Wednesday, July 6, 2022

Drought cost will be billions

Drought declarations have extended across the bulk of the North Island as the government begins to count the cost in billions of dollars to farmers and to the economy.

From their trade mission in Latin America Prime Minister John Key and Primary Industries Minister Nathan Guy said the drought was now a wide-scale adverse event with serious economic ramifications.

South Auckland, Bay of Plenty, Waikato, Rotorua-Taupo and Hawke’s Bay joined Northland under drought declaration last week, with East Cape, Manawatu-Rangitikei, Taranaki and possibly some regions of the South Island expected to follow soon.

The area already declared is wider than in the 2007-08 drought, which was blamed for pushing New Zealand into recession ahead of the Global Financial Crisis.

“So we know it will have an economic impact, it’s just a matter of how much. No one is quite sure,” Guy said.

He said it was too early to give a definitive figure but he envisaged it was in the range of a billion dollars already.

Farmers had at least had a reasonable spring so some had quite a bit of feed in store but he was concerned about the pastoral care of farmers and the welfare of animals if the drought continued to bite.

NIWA had told him significant rain was at least a couple of weeks away.

"Of course, they told me that two weeks ago as well,” he said.

Farming leaders welcomed the government recognition and the limited range of assistance that comes with the declaration of a medium-scale adverse event.

“This extended period of hot and dry weather over the last couple of months has left dairy and sheep and beef farmers alike with parched paddocks and burnt and stunted feed crops,” Federated Farmers Waikato president James Houghton said.

“Most farmers have been either feeding out supplementary feeds or de-stocking, but the situation has become critical as supplies dwindle and farmers are being forced to sell valuable capital stock. 

“The moisture deficit is so high in many places that even if it started raining now it could be about four weeks before grass recovers enough for stock to graze on.”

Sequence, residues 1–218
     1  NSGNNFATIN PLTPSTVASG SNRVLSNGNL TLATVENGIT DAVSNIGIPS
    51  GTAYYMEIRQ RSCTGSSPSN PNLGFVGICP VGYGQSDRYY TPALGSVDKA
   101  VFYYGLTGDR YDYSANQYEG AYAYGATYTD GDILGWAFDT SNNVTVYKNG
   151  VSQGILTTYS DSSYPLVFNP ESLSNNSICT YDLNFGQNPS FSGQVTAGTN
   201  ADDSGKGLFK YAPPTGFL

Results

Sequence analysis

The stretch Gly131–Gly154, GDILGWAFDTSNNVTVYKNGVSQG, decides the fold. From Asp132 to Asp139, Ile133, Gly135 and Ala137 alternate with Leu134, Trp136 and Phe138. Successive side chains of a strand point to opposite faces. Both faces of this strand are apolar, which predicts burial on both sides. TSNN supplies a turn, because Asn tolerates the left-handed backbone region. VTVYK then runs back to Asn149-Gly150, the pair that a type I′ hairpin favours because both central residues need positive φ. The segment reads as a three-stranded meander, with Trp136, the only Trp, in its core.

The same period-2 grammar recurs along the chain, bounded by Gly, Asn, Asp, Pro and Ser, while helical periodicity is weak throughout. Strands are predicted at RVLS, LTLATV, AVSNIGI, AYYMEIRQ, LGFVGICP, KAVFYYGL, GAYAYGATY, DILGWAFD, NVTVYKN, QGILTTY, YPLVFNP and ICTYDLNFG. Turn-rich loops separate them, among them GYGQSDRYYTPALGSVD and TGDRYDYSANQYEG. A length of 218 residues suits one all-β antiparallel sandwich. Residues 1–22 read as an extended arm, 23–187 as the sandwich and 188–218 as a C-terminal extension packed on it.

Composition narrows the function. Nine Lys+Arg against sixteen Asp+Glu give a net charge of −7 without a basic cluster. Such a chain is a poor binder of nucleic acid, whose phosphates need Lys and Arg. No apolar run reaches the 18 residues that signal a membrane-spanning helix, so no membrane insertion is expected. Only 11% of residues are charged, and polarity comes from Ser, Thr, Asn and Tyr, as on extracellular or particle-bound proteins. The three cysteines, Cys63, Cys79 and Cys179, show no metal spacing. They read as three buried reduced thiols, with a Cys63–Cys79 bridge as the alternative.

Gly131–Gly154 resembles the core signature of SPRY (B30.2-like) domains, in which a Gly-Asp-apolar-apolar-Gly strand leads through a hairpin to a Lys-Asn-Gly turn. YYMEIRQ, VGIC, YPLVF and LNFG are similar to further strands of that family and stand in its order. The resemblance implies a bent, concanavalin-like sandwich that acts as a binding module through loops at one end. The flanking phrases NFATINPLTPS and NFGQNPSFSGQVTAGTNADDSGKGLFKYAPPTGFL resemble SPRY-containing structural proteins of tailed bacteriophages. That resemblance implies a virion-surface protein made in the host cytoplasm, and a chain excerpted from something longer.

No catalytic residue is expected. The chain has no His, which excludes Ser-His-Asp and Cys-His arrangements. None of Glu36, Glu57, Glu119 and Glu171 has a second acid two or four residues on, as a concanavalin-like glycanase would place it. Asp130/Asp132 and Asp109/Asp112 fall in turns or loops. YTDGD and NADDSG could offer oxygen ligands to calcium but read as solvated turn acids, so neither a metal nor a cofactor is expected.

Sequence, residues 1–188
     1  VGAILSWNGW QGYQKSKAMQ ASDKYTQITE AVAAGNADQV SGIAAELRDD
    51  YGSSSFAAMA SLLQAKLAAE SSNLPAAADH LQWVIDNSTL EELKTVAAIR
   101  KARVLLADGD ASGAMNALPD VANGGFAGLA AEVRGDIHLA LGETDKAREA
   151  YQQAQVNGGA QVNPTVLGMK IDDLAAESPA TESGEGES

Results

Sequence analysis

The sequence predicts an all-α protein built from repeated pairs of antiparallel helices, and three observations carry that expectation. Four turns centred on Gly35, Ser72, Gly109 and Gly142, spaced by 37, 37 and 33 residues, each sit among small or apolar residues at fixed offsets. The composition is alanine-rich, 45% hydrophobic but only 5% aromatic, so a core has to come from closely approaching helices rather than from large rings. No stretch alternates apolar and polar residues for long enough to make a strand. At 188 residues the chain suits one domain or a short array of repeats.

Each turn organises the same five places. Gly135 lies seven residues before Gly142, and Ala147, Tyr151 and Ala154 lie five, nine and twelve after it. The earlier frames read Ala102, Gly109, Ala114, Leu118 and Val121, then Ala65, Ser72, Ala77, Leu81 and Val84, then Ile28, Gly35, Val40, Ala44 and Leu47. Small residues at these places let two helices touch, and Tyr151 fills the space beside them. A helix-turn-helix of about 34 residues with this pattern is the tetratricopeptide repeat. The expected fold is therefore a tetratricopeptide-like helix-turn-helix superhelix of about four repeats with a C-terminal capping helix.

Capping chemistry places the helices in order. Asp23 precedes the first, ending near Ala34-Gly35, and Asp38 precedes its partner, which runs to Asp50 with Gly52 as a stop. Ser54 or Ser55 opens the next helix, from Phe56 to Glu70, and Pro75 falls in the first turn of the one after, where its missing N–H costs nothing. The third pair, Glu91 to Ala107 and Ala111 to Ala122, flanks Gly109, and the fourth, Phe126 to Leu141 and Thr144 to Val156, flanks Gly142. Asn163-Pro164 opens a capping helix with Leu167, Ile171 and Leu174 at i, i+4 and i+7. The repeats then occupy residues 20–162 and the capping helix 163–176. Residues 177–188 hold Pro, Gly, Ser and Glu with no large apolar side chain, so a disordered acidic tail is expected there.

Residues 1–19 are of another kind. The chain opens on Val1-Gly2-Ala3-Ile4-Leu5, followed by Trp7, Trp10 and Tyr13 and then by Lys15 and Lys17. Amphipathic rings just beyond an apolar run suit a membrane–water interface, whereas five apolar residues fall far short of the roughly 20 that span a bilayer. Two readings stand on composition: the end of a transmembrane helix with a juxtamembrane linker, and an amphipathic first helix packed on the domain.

Federated Farmers national president Bruce Wills said the days of farmer welfare were long gone.

The biggest benefit farmers gained from a drought declaration was psychological, signalling events had gone beyond their control and that it was okay to ask for help.

“An official declaration tells the banks just how bad things are and if farmers keep their banks fully informed, I am confident the banks will work with them in return,” Wills said.

“It also means that Inland Revenue has discretion on things like income equalisation, but you are not excused any tax obligations.”

Manawatu-Rangitikei president Andrew Hoggard urged radio hosts to pull up callers who accused farmers of being “whingers seeking handouts”.

“Comments like these hurt because farmers work hard to do the best they can for their families and their livestock.

“A Rural Assistance Payment (RAP) is only for farmers who have no income, no savings and literally no means to buy a loaf of bread.  Anyone qualifying for one will be on the absolute brink,” Hoggard said.

All of the relevant authorities have agreed Manawatu-Rangitikei now qualifies to join the drought-declared regions and after taking advice from the Ministry of Primary Industries, Guy is expected to make that call this week.

Taranaki authorities met in Hawera late last week to call on the government to declare a drought after a month without significant rainfall.

ANZ Bank, the largest rural lender, is providing a drought-assistance package for its farming customers in the declared regions.

It is designed to help farmers meet short-term cash requirements and re-establish farms to full performance when conditions improve.

BNZ has extended an immediate $100,000 overdraft at a concessional rate of 6%, as well as some emergency family assistance up to $10,000.

Other banks have announced similar relief measures.

ANZ economists have calculated the drought could trim 0.5% from gross domestic product by the end of the year.

However, they point out there is a short-term boost to rural economies from drought, as farmers send more animals to slaughter.

More than 100,000 extra cull cows have been killed this year compared with last year at the same time, an increase of 60%. Almost all of that increase has occurred in the North Island.

The lamb kill is also 1.2 million ahead of last year, also mainly in the North Island, which is 22% ahead.

However, dry autumn conditions will have an impact on cow and ewe mating weights and will drive down calving and lambing results next spring.

In those ways, along with many others, the effects of the 2013 drought will be felt by farmers for a long time.























Related stories: The heat is on in the northBank of NZ offers 6% overdrafts for drought-hit farmersHot summer taking tollNorthland drought tax reliefDrought declared in NorthlandDrought declaration sought for HBGovt extends North Island drought zoneFears drought costs have hit $1 billion

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